Q&A: Oil Price Slump Temporary amid Changing Supply Dynamics
Rigzone also talked to Jim Krane, fellow of energy studies at Rice University’s Baker Institute Center for Energy Studies.
Rigzone: The term “swing supplier” has come up more in recent weeks. What is that about?
Krane: Traditionally, the swing supplier in the market has been OPEC, and mainly Saudi Arabia. When there was too much supply or too much production, and the market became flooded with crude oil, prices would start to drop, and OPEC would take some of that production off the market. OPEC could add supply to the market or take supply off the market, as conditions warranted. But the advent of U.S. shale production has kind of interrupted that process.
Historically, oil production from non-OPEC countries was not a problem for OPEC because it did not increase quickly enough to threaten Saudi Arabia’s market share. Total production has overwhelmed global demand with the sudden and significant increase in production from the United States amid the fracking boom. Not wishing to give up market share to the United States and North America, OPEC responded in a new way – by not decreasing production.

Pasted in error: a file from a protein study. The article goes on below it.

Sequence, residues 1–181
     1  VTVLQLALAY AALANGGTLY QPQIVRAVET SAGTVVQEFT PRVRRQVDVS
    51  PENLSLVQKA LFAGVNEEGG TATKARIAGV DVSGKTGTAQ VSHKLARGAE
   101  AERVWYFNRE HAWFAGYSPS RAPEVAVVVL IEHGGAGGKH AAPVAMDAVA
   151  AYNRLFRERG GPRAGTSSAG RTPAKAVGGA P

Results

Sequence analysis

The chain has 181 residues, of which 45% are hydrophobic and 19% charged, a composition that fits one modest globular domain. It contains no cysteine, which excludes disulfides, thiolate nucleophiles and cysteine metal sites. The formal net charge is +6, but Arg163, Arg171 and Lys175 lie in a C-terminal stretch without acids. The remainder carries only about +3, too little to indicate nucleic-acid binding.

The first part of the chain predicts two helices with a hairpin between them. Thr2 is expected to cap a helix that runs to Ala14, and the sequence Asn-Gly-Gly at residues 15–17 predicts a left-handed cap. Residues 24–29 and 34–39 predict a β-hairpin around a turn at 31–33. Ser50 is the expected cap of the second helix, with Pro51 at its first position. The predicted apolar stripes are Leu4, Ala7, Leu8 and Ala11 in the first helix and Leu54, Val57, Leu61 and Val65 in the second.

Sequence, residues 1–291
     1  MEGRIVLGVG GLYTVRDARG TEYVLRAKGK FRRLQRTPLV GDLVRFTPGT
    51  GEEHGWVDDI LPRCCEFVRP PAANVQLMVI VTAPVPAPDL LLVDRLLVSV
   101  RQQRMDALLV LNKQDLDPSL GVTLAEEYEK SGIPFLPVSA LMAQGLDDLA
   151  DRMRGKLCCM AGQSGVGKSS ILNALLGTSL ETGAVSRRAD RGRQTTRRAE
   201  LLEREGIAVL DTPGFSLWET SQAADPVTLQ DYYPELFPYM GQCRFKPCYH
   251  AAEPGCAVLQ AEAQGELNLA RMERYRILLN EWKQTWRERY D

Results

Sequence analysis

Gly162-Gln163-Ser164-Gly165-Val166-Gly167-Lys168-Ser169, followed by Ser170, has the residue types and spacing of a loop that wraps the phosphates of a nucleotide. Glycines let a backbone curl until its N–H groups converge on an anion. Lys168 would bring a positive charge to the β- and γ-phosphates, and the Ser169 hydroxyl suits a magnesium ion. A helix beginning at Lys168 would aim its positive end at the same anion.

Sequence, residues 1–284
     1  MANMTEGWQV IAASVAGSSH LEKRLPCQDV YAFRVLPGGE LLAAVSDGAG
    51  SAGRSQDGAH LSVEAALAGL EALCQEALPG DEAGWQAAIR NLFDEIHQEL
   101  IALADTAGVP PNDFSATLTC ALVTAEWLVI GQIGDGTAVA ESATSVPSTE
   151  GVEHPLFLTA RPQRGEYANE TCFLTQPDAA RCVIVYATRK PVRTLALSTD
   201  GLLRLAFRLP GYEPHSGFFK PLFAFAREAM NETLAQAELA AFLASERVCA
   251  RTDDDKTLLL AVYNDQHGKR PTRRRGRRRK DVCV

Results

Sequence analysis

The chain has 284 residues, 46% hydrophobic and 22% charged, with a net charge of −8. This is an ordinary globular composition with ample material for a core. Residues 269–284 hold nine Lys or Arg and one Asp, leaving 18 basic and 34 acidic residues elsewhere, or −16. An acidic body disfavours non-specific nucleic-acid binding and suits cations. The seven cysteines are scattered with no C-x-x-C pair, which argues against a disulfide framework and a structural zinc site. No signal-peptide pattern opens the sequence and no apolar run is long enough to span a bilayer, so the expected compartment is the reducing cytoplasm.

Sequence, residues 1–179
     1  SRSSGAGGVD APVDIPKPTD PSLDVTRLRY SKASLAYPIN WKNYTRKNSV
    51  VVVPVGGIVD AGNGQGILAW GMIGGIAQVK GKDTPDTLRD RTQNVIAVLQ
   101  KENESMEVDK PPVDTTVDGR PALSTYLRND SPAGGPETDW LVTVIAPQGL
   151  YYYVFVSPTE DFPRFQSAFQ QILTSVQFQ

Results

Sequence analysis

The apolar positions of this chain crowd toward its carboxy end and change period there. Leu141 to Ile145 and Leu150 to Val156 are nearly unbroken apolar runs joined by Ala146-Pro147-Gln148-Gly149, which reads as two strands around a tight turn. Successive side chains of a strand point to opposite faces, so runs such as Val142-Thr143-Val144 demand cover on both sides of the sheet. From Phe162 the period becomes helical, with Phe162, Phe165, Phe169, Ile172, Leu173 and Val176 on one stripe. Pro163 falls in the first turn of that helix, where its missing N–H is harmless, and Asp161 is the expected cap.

Rigzone: But don’t lower prices from the market imbalance also hurt OPEC? Why didn’t they dial back on production and keep prices higher?
Krane: They didn’t take some production off the market because if they did that, unconventional oil in the United States and North America would just fill in OPEC’s share of the market. What OPEC did was rational. They said if prices go down, so be it. That might send some signals to producers that oil prices don’t just go up, they also go down. If that chases away some investment in production in the United States, that’s probably a good thing from the Saudi standpoint.
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